For more information or questions regarding the Nonprofit Financial Management Network, contact Delferine Spooner at Dspooner@nonprofitsfirst.org or 561-214-7435.

Tags:  Charities  Finance  Financial Empowerment  Leadership  Membership  Network  Nonprofit  Nonprofit Finance 

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Member Spotlight: Pathways to Prosperity

Posted By Sophia Raymond, Wednesday, August 22, 2018

Nonprofits First is showcasing the extraordinary work of nonprofits in Palm Beach County and beyond.

 

This month, we focus on Pathways to Prosperity (P2P), an anti-poverty community nonprofit in Boynton Beach (and member of Nonprofits First).

 

P2P is pushing the envelope in helping hundreds of low-income families overcome poverty and become economically well-off. They run many programs including the Poverty Simulation, which educates residents about the pains of living in poverty.

 

Read on to learn how the Poverty Simulation is making a big difference.

 

 

“I’m a drug dealer – watch out,” a woman told a crowd of people rushing through a fictitious town created in a large meeting room of Pathways to Prosperity (P2P).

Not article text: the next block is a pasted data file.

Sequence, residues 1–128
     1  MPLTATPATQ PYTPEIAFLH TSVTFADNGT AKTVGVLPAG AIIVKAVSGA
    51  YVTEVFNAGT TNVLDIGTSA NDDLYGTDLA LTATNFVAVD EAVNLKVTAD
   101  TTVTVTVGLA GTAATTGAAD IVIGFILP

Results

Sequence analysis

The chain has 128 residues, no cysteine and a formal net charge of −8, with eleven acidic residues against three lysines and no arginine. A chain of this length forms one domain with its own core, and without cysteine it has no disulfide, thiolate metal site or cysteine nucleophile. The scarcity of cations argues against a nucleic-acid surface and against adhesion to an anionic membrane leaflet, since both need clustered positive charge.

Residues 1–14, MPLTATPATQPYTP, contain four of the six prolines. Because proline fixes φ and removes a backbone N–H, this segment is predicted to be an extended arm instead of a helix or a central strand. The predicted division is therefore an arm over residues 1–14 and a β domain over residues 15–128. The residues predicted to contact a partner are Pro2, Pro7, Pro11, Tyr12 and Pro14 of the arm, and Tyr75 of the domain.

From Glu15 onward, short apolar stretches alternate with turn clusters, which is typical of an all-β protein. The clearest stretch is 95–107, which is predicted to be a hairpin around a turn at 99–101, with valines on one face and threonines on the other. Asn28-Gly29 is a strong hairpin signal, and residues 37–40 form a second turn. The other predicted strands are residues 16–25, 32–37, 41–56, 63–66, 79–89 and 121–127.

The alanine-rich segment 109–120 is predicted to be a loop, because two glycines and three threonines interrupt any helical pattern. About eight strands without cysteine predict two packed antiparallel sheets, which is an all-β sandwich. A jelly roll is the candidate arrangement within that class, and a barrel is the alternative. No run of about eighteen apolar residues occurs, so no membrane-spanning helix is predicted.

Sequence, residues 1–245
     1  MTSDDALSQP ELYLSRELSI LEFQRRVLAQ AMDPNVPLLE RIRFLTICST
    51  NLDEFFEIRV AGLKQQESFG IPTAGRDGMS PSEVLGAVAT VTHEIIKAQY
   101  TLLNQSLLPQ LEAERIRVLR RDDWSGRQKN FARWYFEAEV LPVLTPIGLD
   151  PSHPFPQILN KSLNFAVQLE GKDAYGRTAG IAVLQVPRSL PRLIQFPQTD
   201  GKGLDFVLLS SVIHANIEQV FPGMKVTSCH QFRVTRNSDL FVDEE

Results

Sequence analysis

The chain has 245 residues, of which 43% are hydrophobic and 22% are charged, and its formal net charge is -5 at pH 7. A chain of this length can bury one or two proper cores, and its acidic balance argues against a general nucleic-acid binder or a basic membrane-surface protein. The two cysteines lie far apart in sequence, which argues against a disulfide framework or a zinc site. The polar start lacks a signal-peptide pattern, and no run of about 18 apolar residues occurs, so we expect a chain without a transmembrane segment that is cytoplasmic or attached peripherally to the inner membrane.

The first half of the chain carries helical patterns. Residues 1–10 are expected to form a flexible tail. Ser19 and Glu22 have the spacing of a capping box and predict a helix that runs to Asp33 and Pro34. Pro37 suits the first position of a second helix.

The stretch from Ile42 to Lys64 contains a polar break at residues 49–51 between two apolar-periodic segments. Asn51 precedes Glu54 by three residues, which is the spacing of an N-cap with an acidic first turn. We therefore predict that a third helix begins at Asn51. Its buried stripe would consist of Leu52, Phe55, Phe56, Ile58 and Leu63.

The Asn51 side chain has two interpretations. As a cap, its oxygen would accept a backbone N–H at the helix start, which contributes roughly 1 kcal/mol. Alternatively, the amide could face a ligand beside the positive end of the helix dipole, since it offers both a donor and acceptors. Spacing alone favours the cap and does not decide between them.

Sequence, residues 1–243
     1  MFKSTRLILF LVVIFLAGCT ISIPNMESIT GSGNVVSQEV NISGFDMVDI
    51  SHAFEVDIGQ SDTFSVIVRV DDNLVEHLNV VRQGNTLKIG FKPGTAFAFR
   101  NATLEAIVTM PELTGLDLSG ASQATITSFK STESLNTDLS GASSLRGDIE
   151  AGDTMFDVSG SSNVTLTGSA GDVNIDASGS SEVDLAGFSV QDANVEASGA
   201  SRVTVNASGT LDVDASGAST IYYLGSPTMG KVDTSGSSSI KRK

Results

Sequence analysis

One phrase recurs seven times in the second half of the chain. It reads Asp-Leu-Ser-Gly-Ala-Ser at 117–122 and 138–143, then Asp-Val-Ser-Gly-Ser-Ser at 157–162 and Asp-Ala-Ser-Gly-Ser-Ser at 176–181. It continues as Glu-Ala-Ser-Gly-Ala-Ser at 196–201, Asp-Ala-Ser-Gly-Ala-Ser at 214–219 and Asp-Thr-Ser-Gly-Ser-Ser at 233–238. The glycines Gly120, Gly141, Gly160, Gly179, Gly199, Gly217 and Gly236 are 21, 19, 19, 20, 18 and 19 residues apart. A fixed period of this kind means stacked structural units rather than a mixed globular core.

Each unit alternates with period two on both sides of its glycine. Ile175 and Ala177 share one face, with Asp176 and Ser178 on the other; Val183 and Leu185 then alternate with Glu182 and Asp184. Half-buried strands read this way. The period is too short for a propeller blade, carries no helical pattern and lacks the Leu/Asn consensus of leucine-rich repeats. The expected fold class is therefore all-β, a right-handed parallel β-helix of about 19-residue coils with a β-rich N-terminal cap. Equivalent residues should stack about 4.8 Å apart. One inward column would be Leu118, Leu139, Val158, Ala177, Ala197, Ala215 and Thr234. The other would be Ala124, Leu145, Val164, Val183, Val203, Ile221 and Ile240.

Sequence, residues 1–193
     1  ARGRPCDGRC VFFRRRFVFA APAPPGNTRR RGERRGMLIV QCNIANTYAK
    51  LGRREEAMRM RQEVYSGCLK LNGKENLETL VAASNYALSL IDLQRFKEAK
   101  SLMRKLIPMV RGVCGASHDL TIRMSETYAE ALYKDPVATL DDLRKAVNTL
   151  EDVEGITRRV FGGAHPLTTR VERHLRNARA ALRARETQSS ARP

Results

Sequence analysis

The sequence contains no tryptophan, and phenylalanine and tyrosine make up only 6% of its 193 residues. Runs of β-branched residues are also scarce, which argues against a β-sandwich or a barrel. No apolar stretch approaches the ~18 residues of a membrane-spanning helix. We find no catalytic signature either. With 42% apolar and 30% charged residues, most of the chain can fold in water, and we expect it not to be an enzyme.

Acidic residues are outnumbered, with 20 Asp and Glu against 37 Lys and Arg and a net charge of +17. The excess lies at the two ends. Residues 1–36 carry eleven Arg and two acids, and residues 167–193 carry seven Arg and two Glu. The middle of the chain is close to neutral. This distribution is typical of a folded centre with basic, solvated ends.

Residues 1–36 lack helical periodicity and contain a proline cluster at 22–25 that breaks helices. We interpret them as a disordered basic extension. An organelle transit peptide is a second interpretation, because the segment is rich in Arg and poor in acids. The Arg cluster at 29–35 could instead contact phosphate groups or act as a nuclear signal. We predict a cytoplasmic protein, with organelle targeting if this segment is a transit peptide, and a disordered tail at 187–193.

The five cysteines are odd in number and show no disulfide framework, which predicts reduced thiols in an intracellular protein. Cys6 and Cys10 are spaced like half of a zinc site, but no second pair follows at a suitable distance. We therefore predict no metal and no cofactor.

Dozens of people dart away from her, but a few desperate residents seek her out to get jobs selling drugs. They need work to feed their families because they can’t find other kinds of employment and have mounting expenses to pay off.

 

It’s how the drug trade grows in this fictitious world -- as well as in the real world.

 

These were the real-world lessons of a recent Poverty Simulation exercise aimed at showing business and community members what it is truly like to live in poverty in Palm Beach County.

 

About 70 participants took part in the three-hour simulation in Boynton Beach in June. They heard stories and acted out examples of what it takes to earn a living wage in the county.

 

A family of four needs to earn about $61,000 a year to live in Palm Beach County – which is nearly impossible for families lacking higher education, reliable transportation, safe housing, and the ability to work. About 176,000 people in Palm Beach County live in poverty (close to 12% of the population), data shows.